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Women’s lot in the past

Posted: January 9, 2014 10:05 a.m.
Updated: January 10, 2014 5:00 a.m.

Women have certainly achieved a higher place in society than in the past. They are educated, liberal and independent. Most modern women, however, have no idea how little power women had in the past. Society was a masculine one.

My grandmother illustrates this phenomenon well. She, of course, had no Social Security or retirement although she certainly worked, being the mother of 12 children. The best she could hope for was to have a descendent take her into the home in old age. Great horrors to her were a pauper’s burial and the Old Folks’ Home. Neither she nor my mother were educated or viewed education as important for women. In fact, my mother probably thought she was extremely lucky to have a male protect and lay the rules for her. She certainly thought reading was a waste of time and assured me, “Boys do not like smart girls.” When my father died, he left her with a 3-year-old son and 5-month-old daughter and an executor to determine how much money she received. Since the executor was a son-in-law, the husband of one of his nine children by his first marriage, I am sure he held tight purse strings. Whatever was left would have become part of his own holdings. She did not question this arrangement for getting food and clothing. Men, after all, were the only intelligent ones!

My Grandmother Latimer seems the most unusual person to give financial advice to someone with a doctorate. In fact, I do not remember her at all. The mother of 12 children, she was poor and poorly educated. She died when I was 2 years old; however, I have seen pictures of her, a typical pioneer woman. Her hair was pulled straight back, and she constantly wore a serviceable apron to “save her dress.” Her frame was raw boned, illustrating the fact that her children were always fed while she did without. In fact, my mother remarked that my grandmother said the rear end of the chicken was her favorite piece, probably because no one else would have consumed it. The question still exists of how she gave me, someone who knew her only second-hand, astute advice in finance.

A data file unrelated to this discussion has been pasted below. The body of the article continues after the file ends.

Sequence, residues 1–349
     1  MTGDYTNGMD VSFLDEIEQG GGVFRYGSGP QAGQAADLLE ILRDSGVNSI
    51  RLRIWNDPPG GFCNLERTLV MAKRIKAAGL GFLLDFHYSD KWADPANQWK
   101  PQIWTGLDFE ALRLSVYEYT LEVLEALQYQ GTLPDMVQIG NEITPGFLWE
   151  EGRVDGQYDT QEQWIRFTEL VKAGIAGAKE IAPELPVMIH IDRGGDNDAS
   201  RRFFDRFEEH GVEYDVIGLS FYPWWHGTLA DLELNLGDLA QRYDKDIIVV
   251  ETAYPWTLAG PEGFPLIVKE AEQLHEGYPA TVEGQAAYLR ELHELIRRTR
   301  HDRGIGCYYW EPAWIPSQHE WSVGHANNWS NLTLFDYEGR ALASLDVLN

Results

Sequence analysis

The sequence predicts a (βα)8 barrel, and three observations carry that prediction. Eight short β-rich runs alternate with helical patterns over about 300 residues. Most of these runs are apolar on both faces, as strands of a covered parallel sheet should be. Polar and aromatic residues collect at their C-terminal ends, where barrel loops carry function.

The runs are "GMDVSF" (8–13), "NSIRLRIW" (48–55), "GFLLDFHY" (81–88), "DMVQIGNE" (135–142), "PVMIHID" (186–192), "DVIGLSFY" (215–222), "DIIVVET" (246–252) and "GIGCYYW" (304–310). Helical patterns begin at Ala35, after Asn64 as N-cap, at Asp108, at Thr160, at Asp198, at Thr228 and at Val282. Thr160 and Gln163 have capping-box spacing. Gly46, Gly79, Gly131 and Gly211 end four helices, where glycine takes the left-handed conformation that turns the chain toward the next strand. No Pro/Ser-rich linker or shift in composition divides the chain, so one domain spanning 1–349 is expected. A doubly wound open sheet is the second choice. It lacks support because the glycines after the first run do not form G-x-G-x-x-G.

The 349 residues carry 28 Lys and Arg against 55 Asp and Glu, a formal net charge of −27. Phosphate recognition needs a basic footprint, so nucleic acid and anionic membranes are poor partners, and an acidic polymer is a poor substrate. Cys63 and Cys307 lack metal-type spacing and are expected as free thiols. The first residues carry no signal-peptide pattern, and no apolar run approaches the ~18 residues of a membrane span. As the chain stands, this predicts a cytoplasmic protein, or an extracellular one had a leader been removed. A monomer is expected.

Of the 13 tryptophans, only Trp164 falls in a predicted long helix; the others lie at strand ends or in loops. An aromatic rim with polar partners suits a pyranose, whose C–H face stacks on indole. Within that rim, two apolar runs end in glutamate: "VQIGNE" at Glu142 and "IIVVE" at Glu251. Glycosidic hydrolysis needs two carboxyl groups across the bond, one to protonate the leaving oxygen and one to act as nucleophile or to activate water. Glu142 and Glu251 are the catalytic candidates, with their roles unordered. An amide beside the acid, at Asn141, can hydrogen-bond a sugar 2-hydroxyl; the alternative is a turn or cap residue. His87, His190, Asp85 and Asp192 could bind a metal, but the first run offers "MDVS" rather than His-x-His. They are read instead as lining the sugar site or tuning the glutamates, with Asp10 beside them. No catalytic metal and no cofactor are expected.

Grandmother Latimer had saved the astronomical sum of $100 to bury herself, something she did not want her seven girls and five boys to have to do. That sum, she thought, kept her secure and safe for a proper burial. At age 85, with all her children married and with families of their own, her burial was her final responsibility. With the Depression, the banks closed, and Grandmother’s fortune was lost. I doubt if anyone had a true idea just how devastating the loss was to her. Before the banks reopened, Grandmother died, and her children assumed the financial obligation occasioned by the death of their mother.

My family was also poor, but not as poor as the other family members. So, Grandmother Latimer had come to live with us after the death of my father, leaving Mother with two babies. Years later, when I was a teenager, Mother called me and said, “Come here, Laura Jean, I want you to see something. I have a check.” Now, even today’s teenagers like sound of “check” because it means money to spend. I quickly answered her call. She showed me a check for 10 cents, the final repayment of Grandmother’s fortune, when divided among her 12 children and “heirs.” That check for 10 cents taught me the fickleness of fate and folly of man who believes he is prepared for the future.

It gave me a wonderful financial lesson!

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